Ballet without borders

Courage Group premiered a mixed bag of new works at the Jewish Community Center
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Idiko Polony in dirty girl

a&eletters@sfbg.com

REVIEW For its first appearance — with three new works — at the Jewish Community Center Sept. 3-4, the Courage Group attracted a large, appreciative audience. It's easy to see why. Over his company's seven years of existence, Todd Courage has developed a choreographic language that is ballet-based but thoroughly contemporary in the way it tears — sometimes humorously, sometimes sarcastically — at ballet's edges. He loves its linearity, so he chooses from existing steps and combinations and then stirs them into a melting pot, where they become just one of the ingredients at his disposal.

Musically, he is equally selective. He patches his scores together like a quilter. You quickly learn to forget about context and go along for the ride. Some of the musical transitions may jar, but most of the time they develop something akin to an aural logic. I found myself amused by Bach and Handel playing hopscotch with each other. Chris Fletcher was the program's excellent sound engineer.

Courage may be more of a mixmaster of dance than an innovator, but he has developed his own voice and the skills to articulate his intentions. This trio of works, at the very least, indicates that he knows where he wants to go. And he is in a hurry to get there. All three are foaming with ideas; they also tend to wander. Tighter control, not necessarily of individual sections but of the overall trajectory, is an issue.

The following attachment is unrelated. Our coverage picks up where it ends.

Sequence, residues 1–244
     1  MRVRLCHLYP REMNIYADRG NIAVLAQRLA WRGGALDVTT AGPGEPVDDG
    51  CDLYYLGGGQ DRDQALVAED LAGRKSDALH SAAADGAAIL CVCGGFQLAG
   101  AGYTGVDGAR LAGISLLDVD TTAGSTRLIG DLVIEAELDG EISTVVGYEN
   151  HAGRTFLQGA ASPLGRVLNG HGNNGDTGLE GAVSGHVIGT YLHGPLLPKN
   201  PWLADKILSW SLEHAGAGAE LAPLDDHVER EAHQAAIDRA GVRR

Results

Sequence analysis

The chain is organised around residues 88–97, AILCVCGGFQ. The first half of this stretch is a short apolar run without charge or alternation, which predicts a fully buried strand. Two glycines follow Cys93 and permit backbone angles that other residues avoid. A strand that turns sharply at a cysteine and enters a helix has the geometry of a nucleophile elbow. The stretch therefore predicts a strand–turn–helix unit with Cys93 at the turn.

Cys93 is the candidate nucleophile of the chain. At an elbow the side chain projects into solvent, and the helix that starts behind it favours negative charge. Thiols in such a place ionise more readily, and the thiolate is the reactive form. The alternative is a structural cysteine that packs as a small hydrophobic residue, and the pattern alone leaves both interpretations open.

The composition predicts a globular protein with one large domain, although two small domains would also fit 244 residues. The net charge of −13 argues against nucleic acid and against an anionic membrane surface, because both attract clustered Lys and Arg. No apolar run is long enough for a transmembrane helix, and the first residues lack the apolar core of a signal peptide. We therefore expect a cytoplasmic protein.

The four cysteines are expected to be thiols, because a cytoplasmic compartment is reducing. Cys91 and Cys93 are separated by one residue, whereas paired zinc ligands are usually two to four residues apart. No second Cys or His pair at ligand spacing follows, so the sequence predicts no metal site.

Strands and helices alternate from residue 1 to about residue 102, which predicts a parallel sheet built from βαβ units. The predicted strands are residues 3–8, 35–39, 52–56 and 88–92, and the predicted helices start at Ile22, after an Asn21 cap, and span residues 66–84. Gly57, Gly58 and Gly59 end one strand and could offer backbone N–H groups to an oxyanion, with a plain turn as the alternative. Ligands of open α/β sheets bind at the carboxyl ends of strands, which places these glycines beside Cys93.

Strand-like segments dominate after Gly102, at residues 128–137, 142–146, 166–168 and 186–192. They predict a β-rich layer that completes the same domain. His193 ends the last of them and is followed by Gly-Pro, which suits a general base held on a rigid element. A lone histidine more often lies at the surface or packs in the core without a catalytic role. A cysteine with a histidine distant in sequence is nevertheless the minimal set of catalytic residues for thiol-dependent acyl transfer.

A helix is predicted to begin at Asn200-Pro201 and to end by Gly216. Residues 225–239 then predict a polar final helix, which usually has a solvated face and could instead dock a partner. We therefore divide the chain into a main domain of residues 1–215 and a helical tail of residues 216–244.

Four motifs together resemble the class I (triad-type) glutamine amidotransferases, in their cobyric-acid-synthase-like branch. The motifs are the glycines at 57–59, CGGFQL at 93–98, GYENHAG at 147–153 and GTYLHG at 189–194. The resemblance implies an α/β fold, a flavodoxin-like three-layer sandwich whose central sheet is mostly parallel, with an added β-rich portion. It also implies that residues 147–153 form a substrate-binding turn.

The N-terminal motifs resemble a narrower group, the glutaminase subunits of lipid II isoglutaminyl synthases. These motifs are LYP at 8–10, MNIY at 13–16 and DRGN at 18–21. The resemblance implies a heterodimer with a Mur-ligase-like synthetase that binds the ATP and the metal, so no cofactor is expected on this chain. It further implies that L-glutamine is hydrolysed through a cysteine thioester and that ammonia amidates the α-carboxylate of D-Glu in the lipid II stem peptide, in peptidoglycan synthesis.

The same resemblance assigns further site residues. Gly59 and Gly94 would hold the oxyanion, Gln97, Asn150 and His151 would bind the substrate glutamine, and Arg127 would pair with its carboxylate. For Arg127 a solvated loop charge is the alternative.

Placing six shallow women and a deep one at the top of the program, with tall Peta Barrett as the odd one out, was a risky choice. The dancers looked awful in the way they stomped through their steps, apparently indifferent to the opening phrases of Bach's glorious "Violin Concerto in D minor." Then the possibilty arose that Courage has perhaps seen too many students tear mindlessly through ballet class. This may have inspired him to start out with a deadpan version of every teacher's terminal frustration.

In the second movement, when Barrett calmly unfolded her limbs, the audience could breathe a sigh of relief. Her partnering of the company's smallest dancer, Christina Chelette — including cantilevering leg hugs — suggested an emotional relationship between equals despite physical differences. The rest of six alternated between Bach and Handel in choreography in which the dancers did just fine. They might momentarily have sunk into a ballet pose, but some of the most effective sections, such as canonic entrances of purposeful walks, were beautifully simple. Courage also recognized one of dance's great secrets: the beauty of unisons.

dirty girl dug into one of the choreographer's previous preoccupations — the awkwardness of pubescence. In 2006's High Anita, it was cheerleaders. Here the cheerleaders went to a slumber party and gave the heroine a sponge bath. girl's humor is somewhat creepy as these young women veered between innocence and sex kittens. The choreography was game-based and influenced by teen fashion imagery. Dressed in the tiniest of skirts with flaming ruched red underwear, the dancers negotiated their way between the strictures of the Voice of God (Barrett) and the demands of their budding sexuality. The former yielded a spanking, the latter offered birthday cake frosting to lick. You can read into those images anything you want. The audience, probably remembering their own in-between years, clearly appreciated Courage's lighthearted approach. I thought it just a tad too silly.
The quite substantial but you can't hide introduced the evening's lone male dancers, Nol Simonse and Brendan Barthel. First seen in languid duets, they eventually folded themselves into the women's ensemble. Simonse, sinewy and liquid, was a joy to behold. This was Courage at his best: mirror images for the men, a violent female duet, whispering voices and moonwalks, full body contact, and a finger to a chin.

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